Most people want to be firefighters or teachers when they're kids, but not Jacob Jolliff. Since he was 11, Jolliff knew he was going to play the mandolin for the rest of his life.
The Berklee College of Music graduate and Yonder Mountain String Band member spends his days touring with his solo band and doing what he dreamed of - playing mandolin for a living. Don't miss his next performance at the Sheridan Opera House at 9 p.m. on Sunday, June 14. It's the perfect way to get amped up for the upcoming Bluegrass Festival!
Telluride.com: You've been playing mandolin since you were seven. Why did your father choose the mandolin for you out of all of the instruments?
Jolliff: My dad is a bluegrass musician and plays pretty much all the stringed instruments. According to him, he asked me what I wanted to play, and I said, “the mandolin.” Though I have no recollection of that. At first, I didn’t enjoy it and only practiced my required ten minutes a day. But then, after about six months, seemingly overnight, something switched in my brain and I started playing for several hours a day. And that’s pretty much how it’s been for the last 23 years.
Telluride.com: You have obviously developed a love for the mandolin... what makes it so different than any other instrument out there?
Jolliff: It’s hard to say why I gravitate towards the mandolin. I think the frenetic nature of bluegrass mandolin does fit my personality, and the logical intervallic layout of the instrument is also appealing. To a large extent, though, it’s the instrument I know best, and that in itself makes it satisfying to play.
Telluride.com: Can you play anything else?
Jolliff: I sing, obviously, and play some guitar as well. I will say, though, so far, specializing has been what’s paid off for me, though I have a lot of respect for my friends who have cultivated their multi-instrumentalism.
Telluride.com: You recently started singing with your band - what's that been like? Did you always know you could sing?
Jolliff: I sang a lot growing up playing in a bluegrass gospel band with my dad. But when I was young, I didn’t really enjoy that aspect—it was just sort of needed for the group. I basically quit singing as soon as I could, because I preferred to just play the mandolin. But in my mid-twenties, I started learning lyrics to tunes and realized that bluegrass, in particular, is a lot more fun if you can sing, because it’s such a big part of the tradition. So ever since then, it’s been something I really enjoy.
Telluride.com: How would you describe your music for someone who has never heard you before?
Jolliff: I would say it’s “high energy progressive bluegrass.” My group plays everything from super traditional bluegrass repertoire to our out-there original mandolin music. We try to run the gamut.
Telluride.com: You graduated from the Berklee College of Music... which is a super prestigious school for musicians. What was that experience like? How much did it factor into your current skillset?
Jolliff: Going to Berklee was a great experience for me; not only did I learn a lot, but I met a lot of incredible musicians that I still work with today. Also, I joined a touring group, Joy Kills Sorrow, my sophomore year of college, so my initial experiences seriously hitting the road happened during my college years.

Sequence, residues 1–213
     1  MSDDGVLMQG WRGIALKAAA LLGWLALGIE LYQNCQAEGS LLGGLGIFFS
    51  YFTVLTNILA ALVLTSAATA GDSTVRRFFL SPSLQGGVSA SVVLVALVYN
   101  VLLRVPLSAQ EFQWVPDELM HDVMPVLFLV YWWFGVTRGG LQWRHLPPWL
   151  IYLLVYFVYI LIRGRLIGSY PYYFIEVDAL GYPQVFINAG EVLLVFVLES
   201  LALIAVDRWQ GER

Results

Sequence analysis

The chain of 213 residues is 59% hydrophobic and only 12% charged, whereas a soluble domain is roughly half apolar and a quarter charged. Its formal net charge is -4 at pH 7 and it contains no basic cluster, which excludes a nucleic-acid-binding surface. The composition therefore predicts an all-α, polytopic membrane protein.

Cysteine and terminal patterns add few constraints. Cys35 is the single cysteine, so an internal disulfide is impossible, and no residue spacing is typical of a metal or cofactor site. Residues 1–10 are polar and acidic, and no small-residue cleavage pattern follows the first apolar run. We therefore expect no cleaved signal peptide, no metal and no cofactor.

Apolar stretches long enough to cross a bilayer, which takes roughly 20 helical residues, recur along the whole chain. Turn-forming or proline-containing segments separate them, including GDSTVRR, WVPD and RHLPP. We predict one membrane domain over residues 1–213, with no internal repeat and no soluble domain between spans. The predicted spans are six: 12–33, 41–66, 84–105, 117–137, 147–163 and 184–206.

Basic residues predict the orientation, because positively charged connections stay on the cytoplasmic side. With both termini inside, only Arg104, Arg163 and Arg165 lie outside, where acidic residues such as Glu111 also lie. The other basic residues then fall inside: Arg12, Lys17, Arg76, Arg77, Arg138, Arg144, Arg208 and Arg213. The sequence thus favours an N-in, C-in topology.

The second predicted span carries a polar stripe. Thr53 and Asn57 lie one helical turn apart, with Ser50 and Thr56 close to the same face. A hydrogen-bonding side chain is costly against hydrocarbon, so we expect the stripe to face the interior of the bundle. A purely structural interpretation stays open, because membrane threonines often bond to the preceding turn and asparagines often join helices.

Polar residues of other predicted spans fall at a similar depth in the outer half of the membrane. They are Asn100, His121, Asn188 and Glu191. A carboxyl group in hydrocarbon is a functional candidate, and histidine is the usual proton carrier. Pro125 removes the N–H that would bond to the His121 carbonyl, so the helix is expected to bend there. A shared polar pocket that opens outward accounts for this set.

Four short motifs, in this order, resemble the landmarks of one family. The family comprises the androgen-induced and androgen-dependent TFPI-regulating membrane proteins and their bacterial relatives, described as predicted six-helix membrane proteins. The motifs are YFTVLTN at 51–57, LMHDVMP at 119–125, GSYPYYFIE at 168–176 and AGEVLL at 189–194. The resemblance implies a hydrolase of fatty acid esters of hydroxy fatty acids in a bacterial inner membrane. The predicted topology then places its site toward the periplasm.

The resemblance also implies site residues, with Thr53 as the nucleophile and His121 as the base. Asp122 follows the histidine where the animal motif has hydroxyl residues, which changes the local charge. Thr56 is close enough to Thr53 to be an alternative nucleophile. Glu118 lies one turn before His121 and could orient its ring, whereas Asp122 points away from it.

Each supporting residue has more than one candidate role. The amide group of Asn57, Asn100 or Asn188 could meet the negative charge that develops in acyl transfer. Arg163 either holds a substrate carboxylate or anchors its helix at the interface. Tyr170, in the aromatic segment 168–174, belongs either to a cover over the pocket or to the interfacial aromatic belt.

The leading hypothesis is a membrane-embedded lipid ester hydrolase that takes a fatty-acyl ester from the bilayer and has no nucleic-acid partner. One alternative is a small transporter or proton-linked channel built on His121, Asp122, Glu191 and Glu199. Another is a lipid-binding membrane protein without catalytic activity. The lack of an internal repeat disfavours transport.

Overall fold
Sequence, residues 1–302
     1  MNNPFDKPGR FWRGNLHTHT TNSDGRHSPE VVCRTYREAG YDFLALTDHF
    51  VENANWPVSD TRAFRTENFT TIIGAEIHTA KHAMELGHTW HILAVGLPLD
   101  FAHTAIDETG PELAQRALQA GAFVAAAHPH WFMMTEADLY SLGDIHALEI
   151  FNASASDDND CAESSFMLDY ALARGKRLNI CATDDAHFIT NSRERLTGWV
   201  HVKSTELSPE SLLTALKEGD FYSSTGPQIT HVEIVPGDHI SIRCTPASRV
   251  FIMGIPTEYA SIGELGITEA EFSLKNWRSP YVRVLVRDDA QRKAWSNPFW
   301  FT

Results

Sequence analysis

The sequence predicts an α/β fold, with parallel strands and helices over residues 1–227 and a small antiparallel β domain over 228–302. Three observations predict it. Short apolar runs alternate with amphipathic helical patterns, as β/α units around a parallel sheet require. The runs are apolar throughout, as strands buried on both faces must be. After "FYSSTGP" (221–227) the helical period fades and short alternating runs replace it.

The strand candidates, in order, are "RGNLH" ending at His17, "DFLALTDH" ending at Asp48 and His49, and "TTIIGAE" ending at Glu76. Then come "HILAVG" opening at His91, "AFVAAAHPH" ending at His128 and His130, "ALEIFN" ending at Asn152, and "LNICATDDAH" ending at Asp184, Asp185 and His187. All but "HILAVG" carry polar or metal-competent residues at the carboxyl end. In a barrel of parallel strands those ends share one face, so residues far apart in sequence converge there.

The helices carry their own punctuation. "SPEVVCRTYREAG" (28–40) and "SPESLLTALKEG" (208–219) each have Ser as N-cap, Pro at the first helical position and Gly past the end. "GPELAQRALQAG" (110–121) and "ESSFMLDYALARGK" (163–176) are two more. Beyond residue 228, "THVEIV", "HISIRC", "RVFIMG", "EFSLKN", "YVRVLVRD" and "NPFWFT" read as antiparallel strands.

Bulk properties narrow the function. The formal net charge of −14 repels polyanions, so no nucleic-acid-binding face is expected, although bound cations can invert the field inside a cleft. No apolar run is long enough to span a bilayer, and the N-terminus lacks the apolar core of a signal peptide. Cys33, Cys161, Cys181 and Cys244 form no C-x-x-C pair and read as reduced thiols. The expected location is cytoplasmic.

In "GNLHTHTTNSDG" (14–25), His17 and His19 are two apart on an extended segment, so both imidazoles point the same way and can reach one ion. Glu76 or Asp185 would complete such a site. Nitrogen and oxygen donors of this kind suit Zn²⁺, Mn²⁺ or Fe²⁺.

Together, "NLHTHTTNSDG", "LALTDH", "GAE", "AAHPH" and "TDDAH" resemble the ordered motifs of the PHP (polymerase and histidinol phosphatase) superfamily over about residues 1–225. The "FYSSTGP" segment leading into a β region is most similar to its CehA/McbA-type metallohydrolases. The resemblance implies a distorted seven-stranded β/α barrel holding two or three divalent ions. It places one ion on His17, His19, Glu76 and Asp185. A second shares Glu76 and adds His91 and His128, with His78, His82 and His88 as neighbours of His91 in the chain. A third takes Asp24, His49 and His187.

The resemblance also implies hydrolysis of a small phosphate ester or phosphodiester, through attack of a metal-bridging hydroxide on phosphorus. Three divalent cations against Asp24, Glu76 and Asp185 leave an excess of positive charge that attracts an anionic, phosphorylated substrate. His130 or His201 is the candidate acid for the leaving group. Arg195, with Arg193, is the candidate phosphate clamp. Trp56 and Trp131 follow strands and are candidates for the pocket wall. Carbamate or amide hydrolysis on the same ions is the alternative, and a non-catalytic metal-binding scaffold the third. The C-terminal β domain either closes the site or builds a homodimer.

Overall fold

Telluride.com: Where do you currently reside when you're not touring?
Jolliff: I live in Brooklyn, NY. I love it so much. I’m part of an incredible community of acoustic musicians there, and I get to go hear so much amazing music in every genre around town.
Telluride.com: You've played in Telluride before - what do you think keeps bringing you back to this place?
Jolliff: I have so many fond memories associated with playing The Telluride Bluegrass Festival—it’ll be kind of wild to play there before the fest starts! It’s such a beautiful town. And I’ll never forget the experiences I’ve had there—getting to play with some of the legends of acoustic music.
Telluride.com: You still play in the Yonder Mountain String Band in addition to playing with your own band. It is hard to keep both separate? Is there a big difference between both bands?
Jolliff: It is hard to play in YMSB and do my own thing, only because of the limited amount of days in the year. In general, they’re complementary gigs. While both being rooted in bluegrass, they’re actually surprisingly different types of groups, and I really enjoy the contrast.
Telluride.com: Are you playing music for a full-time job? What's life like as a musician?
Jolliff: Yes, playing music is my full-time job, and I feel very lucky that that’s the case. What’s it like? It’s a lot of mandolin. I’m usually practicing for several hours a day, in addition to rehearsing and playing a gig. Throw in driving a van and flying in planes, and that’s pretty much my whole life!
Telluride.com: Did you ever see yourself doing this for a living?
Jolliff: To be honest, I’ve only ever seen myself doing this for a living, probably since I was 10 or 11. It wasn’t so much a question of “can I make a living,” but rather, “I’m doing this no matter what and hopefully that leads to a living.” But I’ll be doing it even if I live in a closet and sleep on the floor, which, coincidently, I’ve done.
Telluride.com: Do you write all of your own music? Where do you draw your current inspiration from?
Jolliff: I write the instrumental music my band plays, but not the singing tunes. I draw inspiration from everyone from John Coltrane to Chris Thile and David Grisman, and many others. For me, writing is a discipline, much like practicing my instrument.
Telluride.com: What are your goals for yourself as a musician moving forward?
Jolliff: Pretty much just continue to record and play music that inspires me, and continue to become a more well-rounded musician.